How to Build a Brand Vision

After I tried  Jeni’s Ice Creams, I began to expect something different from ice cream. It expanded the boundaries of what I thought ice cream could be. Now I fervently tell anyone when it comes up in conversation that “You must try this!” — they’ve given me a great product to show off to my friends, and a story to tell. 

I’m sure when Jeni was first starting out, her concept seemed like a huge risk. Who would eat Thai-Peanut Red Pepper ice cream? Or Ylang Ylang & Fennel? And will people be ok with the cost / quantity ratio? And do these ingredients have to all be so fancy sounding?

What Jeni had was a strong vision for who her company would be. AND a strong vision for who their customers would be. 

To think about how you can do this for your own brand or project, I have a few thoughts.

2 Elements of Vision. 

Every vision or strategy relies on two things.

The first is that you have to make hard calls about who you want to be. To make decisions that accept one way of being, by rejecting a different way of being.

With every decision you make about a specific direction about who your brand is, it gives you an opposing outcome of who you are not. It's sometimes, it’s hard to swallow these trade-offs. You could be reducing your total market size or alienating people. 

Regardless, what you don’t want is to be caught in the middle of two ways of thinking. To hedge your bets by pursuing two things at once. “Let’s put cheap and expensive options on the menu,” or, “we serve the vegans and the unconscious consumer.”

A hack here could be picking an opponent, and simply doing the opposite of everything that they do.

[ Make a list of all the things that you are, and what you're actively choosing to not be from those decisions. ]


By choosing who you are and who you aren't, you can concretely move in a specific direction.  You won't get plain vanilla here, no matter how much some people might say they want the option . 

Believe in a secret.

The second portion of your vision is that you have to havea secret, that only you believe in. You believe the world will soon believe this secret, too. An example secret is Airbnb telling potential investors that people WILL want strangers to stay in their homes, and in fact, enjoy it. Whereas the general reaction was that there was no way people would do this.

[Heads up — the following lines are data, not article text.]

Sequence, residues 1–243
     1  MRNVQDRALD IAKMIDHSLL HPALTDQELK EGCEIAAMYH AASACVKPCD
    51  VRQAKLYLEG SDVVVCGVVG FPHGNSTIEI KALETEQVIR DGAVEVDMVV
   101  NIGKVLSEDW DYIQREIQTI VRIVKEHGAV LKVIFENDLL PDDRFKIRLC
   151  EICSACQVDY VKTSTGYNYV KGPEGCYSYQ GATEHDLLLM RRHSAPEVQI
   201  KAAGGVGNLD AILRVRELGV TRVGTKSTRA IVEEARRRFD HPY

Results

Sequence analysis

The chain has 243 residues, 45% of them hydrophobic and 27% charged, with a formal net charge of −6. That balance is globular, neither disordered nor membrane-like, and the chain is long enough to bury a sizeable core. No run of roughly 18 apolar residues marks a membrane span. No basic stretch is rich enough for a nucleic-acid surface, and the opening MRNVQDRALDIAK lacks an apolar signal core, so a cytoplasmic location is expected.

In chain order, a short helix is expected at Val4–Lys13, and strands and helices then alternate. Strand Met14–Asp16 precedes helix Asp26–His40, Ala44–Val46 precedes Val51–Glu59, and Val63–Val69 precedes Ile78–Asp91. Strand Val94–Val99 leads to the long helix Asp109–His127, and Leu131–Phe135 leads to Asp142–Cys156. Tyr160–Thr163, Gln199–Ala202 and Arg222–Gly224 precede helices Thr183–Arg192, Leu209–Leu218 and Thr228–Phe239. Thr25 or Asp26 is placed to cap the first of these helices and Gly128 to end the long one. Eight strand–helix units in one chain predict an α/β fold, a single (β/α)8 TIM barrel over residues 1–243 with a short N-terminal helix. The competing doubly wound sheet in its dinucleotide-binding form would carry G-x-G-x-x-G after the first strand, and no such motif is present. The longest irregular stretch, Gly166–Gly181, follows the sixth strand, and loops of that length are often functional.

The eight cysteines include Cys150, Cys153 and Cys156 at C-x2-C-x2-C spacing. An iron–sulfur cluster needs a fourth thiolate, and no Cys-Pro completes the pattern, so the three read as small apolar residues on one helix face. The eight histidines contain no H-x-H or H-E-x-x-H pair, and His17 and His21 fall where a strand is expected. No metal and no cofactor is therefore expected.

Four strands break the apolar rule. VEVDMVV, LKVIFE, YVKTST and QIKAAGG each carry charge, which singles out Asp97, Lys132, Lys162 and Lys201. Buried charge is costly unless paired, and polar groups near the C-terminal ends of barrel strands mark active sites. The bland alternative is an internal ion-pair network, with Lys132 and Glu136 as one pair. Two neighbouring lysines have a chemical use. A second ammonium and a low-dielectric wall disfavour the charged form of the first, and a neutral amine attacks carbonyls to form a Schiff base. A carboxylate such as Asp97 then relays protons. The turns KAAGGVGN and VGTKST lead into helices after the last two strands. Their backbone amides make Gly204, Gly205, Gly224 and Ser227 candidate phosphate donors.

[ Write out your secret and keep it in a box. It's your north star. ]

What’s so difficult here is that for the secret to be revealed, it needs the time for an idea to reach its full potential, even when it is counter to what currently exists as a paradigm. It’s tough to not turn back when the going get’s tough or when investors or friends are telling you you’re crazy. 


Change your customers

Meaningful brands
 change the belief system of their customer. Those who buy into Jeni's experience have changed their expectations, in an instant. 

When you change a customer's belief system, they can't help but turn to you because now the world feels obvious. It's why Apple fans won't even give a shot to a "Zune." When you change someone's beliefs you change the map or set of rules that they see, and once you see something you can't "unsee-it."

[ Making a list of 3-5 changes that you believe happen in your customer's lives when they try your product.  ]

The statement can look like:

“our customer started out believing _____
but now they believe ______.”


They say that every business has buried treasure and that it’s your job to find it. This means, as an excavation crew, you’ve got to decide on a specific area or direction to dig (you can’t just dig part way all over the place), and you have to have a deep believe that there will actually be gold where you’re digging.

Pick a specific direction, and believe that there's gold.

Work/TechnologyDavid Sherry